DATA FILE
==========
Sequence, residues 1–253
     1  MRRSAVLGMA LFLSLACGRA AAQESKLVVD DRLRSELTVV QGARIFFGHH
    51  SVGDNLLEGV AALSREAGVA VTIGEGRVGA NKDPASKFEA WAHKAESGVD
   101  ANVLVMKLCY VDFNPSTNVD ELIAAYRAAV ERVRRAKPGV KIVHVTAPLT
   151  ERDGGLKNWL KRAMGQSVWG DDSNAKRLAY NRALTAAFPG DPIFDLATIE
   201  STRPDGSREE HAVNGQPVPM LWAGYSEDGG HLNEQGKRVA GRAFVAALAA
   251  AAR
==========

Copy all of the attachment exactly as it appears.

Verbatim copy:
Sequence, residues 1–253
     1  MRRSAVLGMA LFLSLACGRA AAQESKLVVD DRLRSELTVV QGARIFFGHH
    51  SVGDNLLEGV AALSREAGVA VTIGEGRVGA NKDPASKFEA WAHKAESGVD
   101  ANVLVMKLCY VDFNPSTNVD ELIAAYRAAV ERVRRAKPGV KIVHVTAPLT
   151  ERDGGLKNWL KRAMGQSVWG DDSNAKRLAY NRALTAAFPG DPIFDLATIE
   201  STRPDGSREE HAVNGQPVPM LWAGYSEDGG HLNEQGKRVA GRAFVAALAA
   251  AAR